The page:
by Jude Fisher
Reviewed by Coral
The world of this book, Elda, is a strange and dangerous place, populated by many tribes. Amongst them are: the Eyrans, a northern people, ruled by a new king, and long ago displaced from their homeland; the Istrians, a southern people who hide their women away, burn heretics in the name of their goddess Falla, and who did the displacing of the Eyrans; and the Footloose, a wild and nomadic people, used as mercenaries by the other tribes.
In the world's center is Sanctuary, a fortress of ice, home to the wizard Rahe, his apprentice Virelai, and many magical items. Everything is normal, as Virelai slowly learns the ins and outs of magic, until he comes to believe that Rahe may not be all that sane. Trapping his master in an endless sleep, he flees Sanctuary, taking with him Bete, a cat stuffed full of magic, and The Rose of the World, an attractive woman with no memory of her own life.
Unfortunately, for everyone really, the time of Allfair is upon Elda, as the tribes gather in Istria for ... You know, I'm not really sure what the purpose behind the Allfair was. It's like a big flea market with some sporting tournaments thrown in. I wish a better explanation could have been made, as it was it seems preposterous. Seriously, how can this event bring anything but bad news, what with all the hostility and resentment simmering between the Istrians and the Eyrans?
Worse, Virelai has taken shelter with the Footloose, and the magic he has stolen is out of control.
I swear, this book is one big cliché. In the rundown of some of the main characters, see if you can pick out anything that sounds original.
Katla Aransen - an Eyran girl who runs away to avoid an arranged marriage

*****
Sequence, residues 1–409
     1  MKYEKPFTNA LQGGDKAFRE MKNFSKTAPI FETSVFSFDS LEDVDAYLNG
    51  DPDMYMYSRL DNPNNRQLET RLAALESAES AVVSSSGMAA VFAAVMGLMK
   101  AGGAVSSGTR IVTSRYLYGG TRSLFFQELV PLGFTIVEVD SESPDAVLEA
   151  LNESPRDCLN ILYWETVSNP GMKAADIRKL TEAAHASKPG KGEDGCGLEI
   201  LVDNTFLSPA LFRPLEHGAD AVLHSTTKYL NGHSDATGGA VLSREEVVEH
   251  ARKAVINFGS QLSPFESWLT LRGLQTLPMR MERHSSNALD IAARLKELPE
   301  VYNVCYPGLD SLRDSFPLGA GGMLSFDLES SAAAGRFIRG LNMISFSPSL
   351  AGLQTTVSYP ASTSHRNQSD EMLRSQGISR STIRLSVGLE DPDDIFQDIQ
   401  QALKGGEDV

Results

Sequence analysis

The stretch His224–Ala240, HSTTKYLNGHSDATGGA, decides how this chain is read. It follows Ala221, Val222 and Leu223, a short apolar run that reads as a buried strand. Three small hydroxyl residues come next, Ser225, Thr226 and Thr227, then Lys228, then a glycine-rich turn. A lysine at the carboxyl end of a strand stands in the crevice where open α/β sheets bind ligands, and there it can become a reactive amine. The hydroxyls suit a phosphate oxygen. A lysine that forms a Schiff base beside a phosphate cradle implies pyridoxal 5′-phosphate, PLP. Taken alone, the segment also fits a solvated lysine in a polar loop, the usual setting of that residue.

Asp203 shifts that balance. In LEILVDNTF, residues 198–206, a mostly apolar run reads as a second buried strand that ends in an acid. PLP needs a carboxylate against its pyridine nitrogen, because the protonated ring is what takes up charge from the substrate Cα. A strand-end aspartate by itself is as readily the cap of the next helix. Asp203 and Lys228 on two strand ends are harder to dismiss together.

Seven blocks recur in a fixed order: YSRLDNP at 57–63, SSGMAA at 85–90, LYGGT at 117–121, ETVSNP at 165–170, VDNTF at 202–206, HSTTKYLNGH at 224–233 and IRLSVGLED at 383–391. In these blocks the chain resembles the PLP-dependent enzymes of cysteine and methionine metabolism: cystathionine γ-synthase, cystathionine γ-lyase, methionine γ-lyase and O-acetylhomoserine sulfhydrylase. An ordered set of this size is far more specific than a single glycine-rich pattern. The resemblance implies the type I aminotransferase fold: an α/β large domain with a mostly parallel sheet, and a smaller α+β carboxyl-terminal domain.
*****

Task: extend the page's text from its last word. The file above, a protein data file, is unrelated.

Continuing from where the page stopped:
Selen - an Istrian girl, abused by her father, desperate to escape a betrothal she had no say in
Virelai - a wizard's apprentice who doesn't listen to his master and meddles in things he doesn't understand (think of Mickey Mouse in Fantasia)
Rahe - a wizard in an endless sleep, waiting for someone to come and wake him up (think Merlin)
Saro Vingo - an Istrian boy who just wants something more than the cruel and oppressive world he was born into
Tanto Vingo - Saro's older brother, a brute who thrives in the violence of his world
Tycho - Selen's abusive father, a petty lord ready to use his daughter to advance his social standing
Jenna - an Eyran girl of middle class, who wishes to marry far above her status, and dreams of marrying a king
Ravn - King of the Eyrans, forbidden to marry the woman he desires as her father lacks money
I got the feeling throughout the book, that no one liked each other all that much. I certainly didn't gat a sense of family from either the Aransens or the Vingos. And, were there any Eyrans who were even loyal to their king? I mean, how else could Katla get away with refusing to address the king by any kind of title. "I don't call anyone sir." Stupid little nitwit. This is the character I'm supposed to cheer for? Yeah, right.
The political machinations were dealt with so hazily it made them impossible to follow.
Then there's these weird scenes, with these characters, Joz, Knobber, Mam, Dogo and Doc, that pop up randomaly, and without much context. I had no idea what was going on in them.
As I write this, the series stands at 3 books, but I won't be reading any more of them.